Michael Benavente is a ravenous music lover, digging everyone from AC/DC to Adele. But as the managing director of Bulova, the premier timepiece company, and someone who’s not a musician, he's honest with himself about one possibility.
"I'll never be near a GRAMMY ever in my life," he asserts. "But this gives me an opportunity to have a piece of a GRAMMY on my wrist."
What's he referring to? A resplendent collection of watches Bulova has crafted in partnership with the Recording Academy. How is it a "piece of a GRAMMY," though?
On the dial of each of these watches, the gold alloy you see is GRAMMIUM — the very material from which GRAMMY Awards are made. Obviously, music and fashion go hand-in-hand, but Benavente argues there's something deeper at play here.
"The emotional connection is really, really strong," he says, speaking both of a cherished song and an inherited timepiece from a loved one. Maybe they fire up the same neurons after all — and that's the heart and soul of the years-long partnership between the Recording Academy and Bulova.
GRAMMY.com spoke with Benavente about his musical roots, why Bulova chose to partner with the Recording Academy, and what he's most looking forward to at the 2022 GRAMMY Awards on Sunday, April 3.
This interview has been edited and condensed for clarity.
What inspired this partnership between Bulova and the Recording Academy?
We have a history with music. We were the first radio commercial ever. We were the creators of the clock radio. We went on to be the first television commercial ever. So, our tagline has been "A History Of Firsts" for the last seven years. Actually, it just evolved into "Bold At Heart," which is a new campaign starting now.
But it was "A History Of Firsts" because we had a lot of firsts in the brand, whether in the product or in marketing and communications. When we were looking for a marketing platform seven years ago, music was really obvious for us to want to be involved in.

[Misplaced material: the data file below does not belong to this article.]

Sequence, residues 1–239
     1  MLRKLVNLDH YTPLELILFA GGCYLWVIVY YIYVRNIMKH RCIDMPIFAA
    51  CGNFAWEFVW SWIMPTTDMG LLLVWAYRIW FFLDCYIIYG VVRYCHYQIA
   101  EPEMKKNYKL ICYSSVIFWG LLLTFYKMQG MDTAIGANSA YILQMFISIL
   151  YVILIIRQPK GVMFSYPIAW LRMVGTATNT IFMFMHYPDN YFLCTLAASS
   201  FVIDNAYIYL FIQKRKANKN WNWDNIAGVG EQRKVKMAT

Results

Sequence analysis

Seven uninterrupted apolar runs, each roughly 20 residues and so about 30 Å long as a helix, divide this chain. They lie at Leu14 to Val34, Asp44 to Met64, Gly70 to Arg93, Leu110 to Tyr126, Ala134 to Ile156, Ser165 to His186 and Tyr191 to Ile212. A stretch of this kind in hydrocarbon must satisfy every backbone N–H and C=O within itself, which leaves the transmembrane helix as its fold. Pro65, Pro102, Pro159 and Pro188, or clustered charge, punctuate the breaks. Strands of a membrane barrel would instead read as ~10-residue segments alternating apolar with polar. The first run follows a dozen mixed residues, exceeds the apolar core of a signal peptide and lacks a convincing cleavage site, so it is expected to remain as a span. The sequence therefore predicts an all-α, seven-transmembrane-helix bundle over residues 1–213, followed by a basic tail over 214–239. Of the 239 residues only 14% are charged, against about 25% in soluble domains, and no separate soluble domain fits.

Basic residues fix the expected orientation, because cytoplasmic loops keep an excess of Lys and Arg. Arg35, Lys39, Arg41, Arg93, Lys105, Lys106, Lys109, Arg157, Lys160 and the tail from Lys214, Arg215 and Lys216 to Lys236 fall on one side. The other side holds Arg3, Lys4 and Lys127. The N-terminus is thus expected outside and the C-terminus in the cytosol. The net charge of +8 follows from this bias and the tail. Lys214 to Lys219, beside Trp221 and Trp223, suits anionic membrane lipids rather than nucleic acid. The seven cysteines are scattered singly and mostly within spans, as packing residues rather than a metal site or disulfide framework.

In a previous life with another brand, I had a relationship with the Recording Academy, so that made it that much easier to engage. So, it's been seven years together!
The golden gramophone is an internationally recognized symbol. How did Bulova fold the look and feel of the GRAMMY Award into the design?
For whatever collaborations we do, we really study hard — the icons and symbols. In this case, it was important for us to incorporate the gramophone and the gold and subtle details of the GRAMMYs into our timepieces.
I think the last iteration of the watch we created really ties the two together in that we're using actual GRAMMIUM, which is the material the gramophone statuettes are made of. The GRAMMIUM is on the dial of the watch.
So, I like to say that I'll never be near a GRAMMY ever in my life, but this gives me an opportunity to have a piece of a GRAMMY on my wrist.
What exactly is GRAMMIUM?
It's an alloy. Actually, a gentleman [in Colorado, John Billings] creates the statuettes from GRAMMIUM for the GRAMMYs every year, exclusively. So, we get the GRAMMIUM from him and ship it to our facilities, where we create the dials.
What can you tell me about the specific features of these timepieces?
We have a couple of different iterations that are in the GRAMMY collection. We're also partnered with the Latin GRAMMYs, so we have a relationship with them as well. But for the GRAMMYs, we have several different watches.
When we introduce a new watch, we like to keep the prior ones — assuming they're still selling well, and doing well — so we have a whole collection. So, we have quartz watches, which are watches that require a battery, but they're super-accurate.
We also have automatic — or self-winding — watches, which don't require any energy other than the movement of your arm. So, as long as you wear the watch, it's winding itself and keeping pretty accurate time.
If you put the watch down for two or three days, it'll lose all its energy because you're not wearing it, but it's super easy to just wind it up again and start using it, and you're back in business.